Thursday, October 7, 2010

Yassie Goldie & GJYD's "i want to soX yuO"

October 5 – November 5

Originally a storefront window, Frame 301 was the perfect space for GJYD to launch their most recent campaign, which includes commercials for yuO soX memorabilia that glow from within gold television sets and yuO soX merchandise available for purchase.

With an interest in shedding light on social injustice and promoting change rather than promoting themselves, it was clear that GJYD needed a figurehead. In 2008, this responsibility was given to Mr. Yassy Goldie. The group utilizes Goldie’s public persona for promotion and representation so the individual identities of the collaborative members may remain anonymous. I want to soX you, a campaign inspired by Boston’s beloved baseball team, is Goldie’s attempt at introducing himself to and connecting with the city of Boston.

By way of the internet, social media, guerilla performances and public installations, GJYD have exhibited their “death metal glam ghettotech” aesthetics throughout the regional and digital art communities. The group’s egalitarian street art style and process symbolize their dedication to targeting closed-mindedness, prejudice and hatred through truth, irony, humor and satire in the most public spheres.

Raul Gonzalez: The Gangs all Here, Minus a few featuring El Frijol, El Negrito and the Angel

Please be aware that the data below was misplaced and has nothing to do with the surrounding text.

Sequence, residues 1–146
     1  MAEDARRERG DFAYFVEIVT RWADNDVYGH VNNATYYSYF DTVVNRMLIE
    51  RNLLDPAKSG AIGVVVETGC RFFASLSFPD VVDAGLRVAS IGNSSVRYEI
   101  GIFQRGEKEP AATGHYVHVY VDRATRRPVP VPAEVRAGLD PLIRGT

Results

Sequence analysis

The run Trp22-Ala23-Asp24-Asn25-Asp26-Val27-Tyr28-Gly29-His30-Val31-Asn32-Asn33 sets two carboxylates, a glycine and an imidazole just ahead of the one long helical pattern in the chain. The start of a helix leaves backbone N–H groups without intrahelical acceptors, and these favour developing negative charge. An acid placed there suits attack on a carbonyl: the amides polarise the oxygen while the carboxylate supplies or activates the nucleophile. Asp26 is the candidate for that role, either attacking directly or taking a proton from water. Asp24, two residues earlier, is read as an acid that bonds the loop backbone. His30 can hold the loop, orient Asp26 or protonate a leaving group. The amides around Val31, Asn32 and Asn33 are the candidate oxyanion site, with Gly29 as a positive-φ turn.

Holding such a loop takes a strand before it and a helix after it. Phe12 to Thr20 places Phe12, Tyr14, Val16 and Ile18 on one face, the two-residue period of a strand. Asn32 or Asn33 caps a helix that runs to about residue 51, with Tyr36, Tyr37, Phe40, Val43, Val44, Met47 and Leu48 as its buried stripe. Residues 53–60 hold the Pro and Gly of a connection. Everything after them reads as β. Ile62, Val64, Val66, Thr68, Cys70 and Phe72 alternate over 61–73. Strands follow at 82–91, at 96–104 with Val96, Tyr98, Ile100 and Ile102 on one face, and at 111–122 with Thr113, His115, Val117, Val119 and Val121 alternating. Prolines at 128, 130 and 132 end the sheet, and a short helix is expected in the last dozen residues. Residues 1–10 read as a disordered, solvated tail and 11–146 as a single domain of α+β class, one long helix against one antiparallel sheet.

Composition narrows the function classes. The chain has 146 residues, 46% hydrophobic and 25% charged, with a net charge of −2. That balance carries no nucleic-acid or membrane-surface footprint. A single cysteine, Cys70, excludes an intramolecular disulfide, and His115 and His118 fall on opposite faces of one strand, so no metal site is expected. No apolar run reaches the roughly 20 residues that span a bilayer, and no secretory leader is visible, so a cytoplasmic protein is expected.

September 2 – October 4

A Founding member of Somerville art collective Miracle 5, Gonzalez work references histories through the aesthetic of antiquated cartooning. In his most recent work, stereotypical cartoon character archetypes are used to encourage a socio-historical critique.

“The Gangs all here, Minus a Few featuring El Frijol, El Negrito and the Angel” refers to the nicknames used as terms of “endearment” to those with darker or lighter skin tones in the Mexican culture. The characters are fictional and drawn using the same shapes but the colors with which they are painted changes their interpretation. The clouds and the colors distract you from seeing the shape in it's true form.

"Cartoon characters are like water in that they can take any form that we imagine for them as well as survive any treatment. They have been dehumanized and can therefore be tortured and humiliated without any lasting degree of guilt or consequence before disappearing from our memories altogether." - Raul Gonzalez

Karen Moss: The Commuter

August 4th - 30th

The Commuter, an installation by Boston-based artist Karen Moss exhibits her recognizable hybrid characters cavorting through imaginary landscapes. In this site-specific work, Moss' imagery sets up a comparison of the urban and the bucolic. Both scenes merge retro aesthetics with the characteristics of contemporary street art to depict the experience of popular culture in both metropolitan and rural environments.


June 1st - July 5th

As Part of 2010 annual Encaustic Conference, wax scraps were collected from attendees and installed in Frame 301.